Yes, well. Once the happy pair decamp to the Solomon Islands, the planned setting of Oliver’s anticipated tour de force, we are introduced to two characters who have the potential to be the most annoying creatures in contemporary literature. Rick is a loud-mouthed, thrill-seeking, hard-drinking American working for an NGO, who befriends Oliver and becomes an entrenched feature in the lives of the two Australians. Ed is Alison’s aforementioned ex-boyfriend who arrives in the Solomons unexpectedly and creates a fair bit of havoc (as well as some truly dreadful poetry).

Out of the two, I much preferred Rick. His interactions never failed to provide a bit of comic relief and I particularly enjoyed his plans to make his (as yet unnamed) band a sound to be reckoned with in the Pacific region and beyond. Similarly, his bout of malaria was quite amusing in both its outrageous enactment and the fact that one couldn’t help but indulge in a bit of schadenfreude. Ed, however, was just a pain in the proverbial. I have to agree with Doris, in that I didn’t find the storyline between Alison and Ed convincing at all, especially considering Alison’s personal growth throughout her time helping local women in the Solomons.

Shouty Doris interjects

A waste of space all round – both the storyline and the bloke.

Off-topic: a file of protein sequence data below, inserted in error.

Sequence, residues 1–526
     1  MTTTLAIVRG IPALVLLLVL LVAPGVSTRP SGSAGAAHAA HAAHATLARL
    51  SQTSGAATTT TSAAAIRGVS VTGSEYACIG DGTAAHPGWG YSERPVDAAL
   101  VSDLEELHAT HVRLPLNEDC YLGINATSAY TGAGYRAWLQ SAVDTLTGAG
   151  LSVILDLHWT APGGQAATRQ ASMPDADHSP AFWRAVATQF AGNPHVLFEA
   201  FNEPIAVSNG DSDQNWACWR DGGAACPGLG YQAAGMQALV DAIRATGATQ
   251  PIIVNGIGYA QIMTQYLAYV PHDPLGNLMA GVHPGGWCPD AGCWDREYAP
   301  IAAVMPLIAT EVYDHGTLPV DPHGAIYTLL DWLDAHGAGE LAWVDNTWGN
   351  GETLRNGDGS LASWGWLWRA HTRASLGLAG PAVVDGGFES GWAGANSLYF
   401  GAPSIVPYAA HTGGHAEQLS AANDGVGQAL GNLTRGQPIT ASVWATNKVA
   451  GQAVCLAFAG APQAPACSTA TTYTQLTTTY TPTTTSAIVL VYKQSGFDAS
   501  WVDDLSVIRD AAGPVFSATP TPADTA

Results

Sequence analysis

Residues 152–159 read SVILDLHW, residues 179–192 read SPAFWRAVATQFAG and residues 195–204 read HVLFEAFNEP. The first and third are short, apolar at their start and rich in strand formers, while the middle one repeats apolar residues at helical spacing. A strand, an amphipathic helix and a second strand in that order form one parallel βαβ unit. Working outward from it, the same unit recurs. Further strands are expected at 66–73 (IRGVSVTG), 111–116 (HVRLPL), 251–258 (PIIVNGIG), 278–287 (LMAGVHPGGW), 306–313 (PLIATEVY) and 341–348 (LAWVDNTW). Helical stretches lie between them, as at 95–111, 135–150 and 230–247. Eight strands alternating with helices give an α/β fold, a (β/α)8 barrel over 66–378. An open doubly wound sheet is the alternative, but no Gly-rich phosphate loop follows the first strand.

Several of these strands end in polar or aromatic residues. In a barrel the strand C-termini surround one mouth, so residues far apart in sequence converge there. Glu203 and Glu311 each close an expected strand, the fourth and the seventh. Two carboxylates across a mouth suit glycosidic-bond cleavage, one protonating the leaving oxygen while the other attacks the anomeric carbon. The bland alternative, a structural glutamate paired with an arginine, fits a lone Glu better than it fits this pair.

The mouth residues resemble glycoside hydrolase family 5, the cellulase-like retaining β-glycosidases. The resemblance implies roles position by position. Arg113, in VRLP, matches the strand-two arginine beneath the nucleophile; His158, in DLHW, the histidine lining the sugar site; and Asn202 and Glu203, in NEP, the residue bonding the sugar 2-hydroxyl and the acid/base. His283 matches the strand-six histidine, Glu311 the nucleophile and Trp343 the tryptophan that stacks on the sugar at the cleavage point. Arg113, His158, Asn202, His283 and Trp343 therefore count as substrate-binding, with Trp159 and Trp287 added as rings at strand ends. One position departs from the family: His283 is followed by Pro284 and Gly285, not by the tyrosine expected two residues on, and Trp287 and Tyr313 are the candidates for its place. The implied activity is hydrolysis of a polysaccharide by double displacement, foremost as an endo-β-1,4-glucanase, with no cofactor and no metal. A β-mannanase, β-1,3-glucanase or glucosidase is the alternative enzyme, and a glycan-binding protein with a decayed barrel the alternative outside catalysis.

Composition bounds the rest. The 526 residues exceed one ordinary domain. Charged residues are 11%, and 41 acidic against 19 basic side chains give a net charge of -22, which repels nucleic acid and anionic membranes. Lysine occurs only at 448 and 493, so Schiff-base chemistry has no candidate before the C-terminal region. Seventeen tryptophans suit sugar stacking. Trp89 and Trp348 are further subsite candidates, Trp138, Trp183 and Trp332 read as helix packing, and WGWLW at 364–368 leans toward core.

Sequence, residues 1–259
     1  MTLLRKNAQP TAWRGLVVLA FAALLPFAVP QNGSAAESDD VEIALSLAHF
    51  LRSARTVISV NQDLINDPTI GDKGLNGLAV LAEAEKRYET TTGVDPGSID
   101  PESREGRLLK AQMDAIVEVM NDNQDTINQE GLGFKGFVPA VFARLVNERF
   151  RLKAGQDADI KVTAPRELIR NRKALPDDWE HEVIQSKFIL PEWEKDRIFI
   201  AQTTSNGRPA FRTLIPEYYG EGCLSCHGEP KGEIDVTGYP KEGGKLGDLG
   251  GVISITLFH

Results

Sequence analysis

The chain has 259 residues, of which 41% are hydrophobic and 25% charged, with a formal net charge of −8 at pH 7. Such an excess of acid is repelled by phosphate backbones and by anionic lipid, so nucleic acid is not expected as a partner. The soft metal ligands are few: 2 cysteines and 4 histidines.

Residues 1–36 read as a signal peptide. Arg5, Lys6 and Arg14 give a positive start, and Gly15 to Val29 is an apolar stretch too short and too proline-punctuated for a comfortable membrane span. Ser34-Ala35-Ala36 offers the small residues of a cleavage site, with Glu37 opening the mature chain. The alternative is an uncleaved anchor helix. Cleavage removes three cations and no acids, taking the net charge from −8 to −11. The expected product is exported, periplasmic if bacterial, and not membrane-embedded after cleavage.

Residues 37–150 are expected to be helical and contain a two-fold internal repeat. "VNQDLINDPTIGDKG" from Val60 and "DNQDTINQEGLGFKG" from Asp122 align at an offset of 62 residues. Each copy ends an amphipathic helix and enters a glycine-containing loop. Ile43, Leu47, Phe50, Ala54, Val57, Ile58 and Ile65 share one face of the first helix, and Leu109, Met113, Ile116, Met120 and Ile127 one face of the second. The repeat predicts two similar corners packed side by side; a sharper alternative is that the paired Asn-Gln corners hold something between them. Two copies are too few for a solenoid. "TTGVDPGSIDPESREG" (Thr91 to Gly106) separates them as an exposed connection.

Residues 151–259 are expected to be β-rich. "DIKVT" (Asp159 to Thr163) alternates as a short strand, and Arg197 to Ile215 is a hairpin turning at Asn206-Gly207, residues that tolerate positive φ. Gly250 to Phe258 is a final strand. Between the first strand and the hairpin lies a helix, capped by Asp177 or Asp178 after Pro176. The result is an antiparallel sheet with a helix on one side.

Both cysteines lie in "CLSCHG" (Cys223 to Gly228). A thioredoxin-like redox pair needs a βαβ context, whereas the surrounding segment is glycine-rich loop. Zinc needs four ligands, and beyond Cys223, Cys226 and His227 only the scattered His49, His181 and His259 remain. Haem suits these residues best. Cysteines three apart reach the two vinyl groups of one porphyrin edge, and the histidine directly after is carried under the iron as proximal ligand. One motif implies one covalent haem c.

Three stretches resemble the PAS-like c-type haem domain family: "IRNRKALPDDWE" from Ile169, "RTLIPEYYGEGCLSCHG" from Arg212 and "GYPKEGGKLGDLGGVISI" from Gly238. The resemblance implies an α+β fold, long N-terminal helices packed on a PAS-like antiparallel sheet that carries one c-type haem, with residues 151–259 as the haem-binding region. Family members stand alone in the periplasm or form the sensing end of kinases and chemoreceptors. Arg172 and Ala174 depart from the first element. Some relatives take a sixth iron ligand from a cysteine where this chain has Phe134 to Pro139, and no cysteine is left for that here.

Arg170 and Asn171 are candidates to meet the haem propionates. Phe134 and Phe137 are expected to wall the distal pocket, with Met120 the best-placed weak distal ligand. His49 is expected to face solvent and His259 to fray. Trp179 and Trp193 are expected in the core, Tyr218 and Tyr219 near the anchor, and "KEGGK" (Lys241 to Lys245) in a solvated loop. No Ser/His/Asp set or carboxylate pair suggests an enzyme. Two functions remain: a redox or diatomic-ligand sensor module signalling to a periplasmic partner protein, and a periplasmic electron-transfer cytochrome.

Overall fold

The part of the book that I enjoyed the most was the inclusion of mini-narratives about minor characters – taxi drivers, passers-by, shop assistants – that gave a hint of these characters’ back stories and provided a bit of an interlude during transitions in the main story.

Shouty Doris interjects

I agree. All of the minor characters’ stories were more interesting than Oliver’s; I’ll tell you that for nothing. Even his ending was ambiguous – like the author couldn’t even be bothered to give him a definitive closing sentence. To be honest, I was hoping for the plane crash he was planning on writing.

That’s a bit harsh, Doris.

Shouty Doris interjects

I’d eject my own seat if I was stuck between him and Ed on a plane.

Well, your animosities for fictional characters aside, the ending to the story is quite ambiguous. I suspect that a particular interpretation is somewhat implied, but I was quite happy to deliberately ignore that interpretation and craft a much more satisfying (to me) ending in my mind. I think people will take what they want to out of the ending, depending on how they feel about the characters and relationships overall.

All in all, this was a strange beast of a read. It has elements of romance, social issues, personal growth, destiny versus decision-making, grief, loss, happiness, achievement and just a touch of something that could be magical realism. For all that though, the fact that I only really connected with one of the main characters made the read not all that it could have been. On the other hand, the variety of elements in the story, and the unexpectedness (unlikeliness?) of some of the events will keep readers on their toes in what will certainly be a great pick for those looking for a holiday romance novel with a bit of real life thrown in.

Shouty Doris interjects

Next time, there should be more about the women, who were the only ones doing anything meaningful, and less about silly blokes who couldn’t change a light bulb between them with an electrified light-bulb changing machine. Honestly, men just drag down a good story.

Present company excepted, of course, eh Doris?

Shouty Doris interjects

Definitely not.

Right. Fine.

Ignore the old bird, try the book.

Until next time,

Bruce

Utopirama!: Knit the Sky…